Facility design must be based on a storm duration and return interval that provides a sufficient degree of probability that overtopping of the pond or impoundment can be prevented. Since precipitation falling on the facility and evaporation from it may represent a significant input and loss of water to the system, these rates should be evaluated on a regular (typically monthly) basis to account for seasonal variations in weather patterns. The selection of events and their recurrence interval should be based on the anticipated period of operations, rainfall distribution patterns, the relative safety, health and environmental risks at the site, applicable regulatory requirements and an adequate margin of safety. Examples include but are not limited to designs for containment of a 100- year, 24-hour event (the most precipitation anticipated to fall during a 24-hour period once every 100 years) and a 50-year, 72-hour event (the most precipitation anticipated to fall during a 72- hour period once every 50 years). The quality of existing data is also a factor, and conservative assumptions or adjustments may need to be considered when long-term data are not available or where the only data available do not represent actual site conditions.
The amount of precipitation entering a pond or impoundment resulting from surface run-on from the up gradient watershed must be considered in the water balance. While the design storm event used to calculate inflow from up gradient will be at least the same as that used for precipitation falling directly on the facility, it may be necessary to increase the anticipated volume of precipitation if the watershed includes significantly higher terrain, to account for infiltration into the ground and run-off entering the facility.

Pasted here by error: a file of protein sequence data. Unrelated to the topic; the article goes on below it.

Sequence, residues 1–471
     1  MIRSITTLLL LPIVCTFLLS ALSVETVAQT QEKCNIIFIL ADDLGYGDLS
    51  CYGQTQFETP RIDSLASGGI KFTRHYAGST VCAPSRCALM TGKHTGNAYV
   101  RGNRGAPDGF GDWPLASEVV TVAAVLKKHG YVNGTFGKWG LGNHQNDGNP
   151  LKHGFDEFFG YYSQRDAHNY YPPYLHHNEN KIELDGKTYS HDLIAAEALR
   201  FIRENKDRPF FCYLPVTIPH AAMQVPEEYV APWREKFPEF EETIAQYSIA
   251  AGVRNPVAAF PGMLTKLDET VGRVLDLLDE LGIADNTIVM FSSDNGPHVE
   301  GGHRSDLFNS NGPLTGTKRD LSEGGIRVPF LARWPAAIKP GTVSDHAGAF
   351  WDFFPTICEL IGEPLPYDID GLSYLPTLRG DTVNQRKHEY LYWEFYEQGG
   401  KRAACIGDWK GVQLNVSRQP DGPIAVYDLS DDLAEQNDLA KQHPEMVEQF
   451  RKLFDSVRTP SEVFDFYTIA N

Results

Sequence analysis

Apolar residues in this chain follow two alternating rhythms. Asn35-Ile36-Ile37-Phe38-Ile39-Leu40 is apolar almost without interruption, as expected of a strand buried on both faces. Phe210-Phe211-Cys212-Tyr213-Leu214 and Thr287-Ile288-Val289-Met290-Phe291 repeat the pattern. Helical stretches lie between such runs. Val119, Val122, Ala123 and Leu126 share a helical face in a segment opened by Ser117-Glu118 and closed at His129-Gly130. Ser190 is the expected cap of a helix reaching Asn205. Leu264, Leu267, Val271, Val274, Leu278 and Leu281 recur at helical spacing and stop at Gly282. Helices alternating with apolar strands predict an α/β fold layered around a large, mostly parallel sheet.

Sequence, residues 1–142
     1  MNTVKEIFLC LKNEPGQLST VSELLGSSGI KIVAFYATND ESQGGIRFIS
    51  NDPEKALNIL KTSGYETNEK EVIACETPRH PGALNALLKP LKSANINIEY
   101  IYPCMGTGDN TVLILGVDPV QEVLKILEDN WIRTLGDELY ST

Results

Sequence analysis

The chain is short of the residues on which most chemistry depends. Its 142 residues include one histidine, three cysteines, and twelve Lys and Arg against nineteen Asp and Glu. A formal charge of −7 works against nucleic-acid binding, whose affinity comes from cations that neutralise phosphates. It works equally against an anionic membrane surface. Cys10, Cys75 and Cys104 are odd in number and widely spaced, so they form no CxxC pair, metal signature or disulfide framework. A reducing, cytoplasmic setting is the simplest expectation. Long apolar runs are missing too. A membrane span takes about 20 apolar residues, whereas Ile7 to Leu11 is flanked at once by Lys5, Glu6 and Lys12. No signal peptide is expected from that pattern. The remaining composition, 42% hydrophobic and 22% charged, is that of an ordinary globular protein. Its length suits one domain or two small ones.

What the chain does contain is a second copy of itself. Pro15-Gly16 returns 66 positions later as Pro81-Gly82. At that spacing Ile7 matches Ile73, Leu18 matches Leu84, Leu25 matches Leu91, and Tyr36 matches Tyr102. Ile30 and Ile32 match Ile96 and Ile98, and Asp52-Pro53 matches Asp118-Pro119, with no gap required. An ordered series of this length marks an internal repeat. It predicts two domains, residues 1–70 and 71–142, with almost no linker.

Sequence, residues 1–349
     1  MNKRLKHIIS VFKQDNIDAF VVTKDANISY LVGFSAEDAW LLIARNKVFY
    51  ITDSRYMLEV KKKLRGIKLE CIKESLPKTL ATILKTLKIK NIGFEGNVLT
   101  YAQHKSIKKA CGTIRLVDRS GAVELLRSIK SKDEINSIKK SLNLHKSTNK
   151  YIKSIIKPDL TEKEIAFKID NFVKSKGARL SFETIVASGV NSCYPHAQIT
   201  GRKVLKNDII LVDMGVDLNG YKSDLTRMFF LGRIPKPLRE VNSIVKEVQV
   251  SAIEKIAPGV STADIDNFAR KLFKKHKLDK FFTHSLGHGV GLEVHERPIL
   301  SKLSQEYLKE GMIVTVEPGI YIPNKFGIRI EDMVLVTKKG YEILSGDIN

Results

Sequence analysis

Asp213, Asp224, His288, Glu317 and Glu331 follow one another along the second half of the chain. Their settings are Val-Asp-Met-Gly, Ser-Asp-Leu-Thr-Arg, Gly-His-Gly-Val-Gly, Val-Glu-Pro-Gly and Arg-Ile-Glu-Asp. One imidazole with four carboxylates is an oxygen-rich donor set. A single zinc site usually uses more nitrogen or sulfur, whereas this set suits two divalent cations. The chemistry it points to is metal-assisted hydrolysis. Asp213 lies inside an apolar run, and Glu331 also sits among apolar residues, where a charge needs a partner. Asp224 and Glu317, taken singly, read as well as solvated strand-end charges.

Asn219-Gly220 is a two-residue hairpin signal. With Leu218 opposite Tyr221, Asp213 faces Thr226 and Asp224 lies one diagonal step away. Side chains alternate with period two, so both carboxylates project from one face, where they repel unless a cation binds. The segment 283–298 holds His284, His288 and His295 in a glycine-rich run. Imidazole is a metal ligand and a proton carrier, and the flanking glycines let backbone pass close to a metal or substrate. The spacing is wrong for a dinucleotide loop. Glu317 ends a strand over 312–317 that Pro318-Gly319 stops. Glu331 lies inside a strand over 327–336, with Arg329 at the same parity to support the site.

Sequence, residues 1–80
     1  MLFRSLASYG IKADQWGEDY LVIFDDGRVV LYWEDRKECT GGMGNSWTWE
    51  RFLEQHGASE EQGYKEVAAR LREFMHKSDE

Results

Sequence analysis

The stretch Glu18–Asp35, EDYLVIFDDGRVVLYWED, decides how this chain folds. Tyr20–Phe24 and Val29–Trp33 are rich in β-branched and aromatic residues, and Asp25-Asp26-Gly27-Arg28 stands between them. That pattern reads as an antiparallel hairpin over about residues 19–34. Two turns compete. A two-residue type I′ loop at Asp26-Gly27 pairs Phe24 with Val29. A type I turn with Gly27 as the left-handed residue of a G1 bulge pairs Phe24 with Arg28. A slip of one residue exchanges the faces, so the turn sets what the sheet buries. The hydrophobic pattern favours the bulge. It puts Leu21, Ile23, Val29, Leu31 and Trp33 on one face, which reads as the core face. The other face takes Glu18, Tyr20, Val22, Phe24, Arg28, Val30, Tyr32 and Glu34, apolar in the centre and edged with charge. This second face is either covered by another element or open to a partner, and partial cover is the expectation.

In regions receiving precipitation as snow or ice, an "inventory" of precipitation may accumulate for weeks or months during freezing conditions and be released as a single inflow during a thaw. The potential for such an occurrence must be considered in areas experiencing such conditions.
For leach ponds, the water balance should also include an evaluation of the amount of solution that can drain from the heap to a pond before pumping capacity can be restored. Site-specific parameters, such as the height and porosity of the heap, should be considered along with the design storm event and other potential failure scenarios such as pipe failure. A 48-hour period is used by some jurisdictions for drain-down calculations.
The water balance must also take into account various solution losses in addition to evaporation. These include the capacity of decant, drainage and recycling systems used to return solution to the process, seepage to the subsurface as authorized by the applicable jurisdiction, and whether the facility is allowed to discharge solution to surface water. Where pumps and other equipment will be used to remove solution from ponds and impoundments, the water balance must account for potential power outages or equipment failures, and the availability of back-up equipment and power.
Where discharge to surface water is allowed and deemed necessary to accommodate site design and climatic conditions, the capacity of cyanide treatment, destruction or regeneration systems must be considered in the water balance. Further, the on-line availability of these systems, and the implications of their failure or maintenance downtime, must be factored into the water balance and facility storage capacity.
Other aspects of facility design may have direct consequences on how the water balance must be determined, and these factors must be included when calculating the amount of water that can be stored in the impoundment. For example, the analysis of dam stability or potential seepage of a tailings impoundment may be based on an assumed phreatic surface within the dam.
Ponds and impoundments must be designed to maintain an adequate freeboard between the crest of the pond or impoundment and the maximum design level of solution determined to be necessary from water balance calculations. Heights of 0.5-1.0 meters are examples of freeboard requirements that are typically found in many regulations and guidance documents as a safety factor and to account for potential wave action in tailings storage facilities. Greater freeboard may be necessary in leach ponds since their surface areas are generally much smaller than those of tailings storage facilities, and they fill more rapidly during increased precipitation.
Operation of a rain gauge is necessary unless daily precipitation data is available from another nearby source that is representative of site conditions. Precipitation data should be compared with the assumptions used for facility design, and operating practices should be reviewed and revised as necessary to account for actual measured precipitation.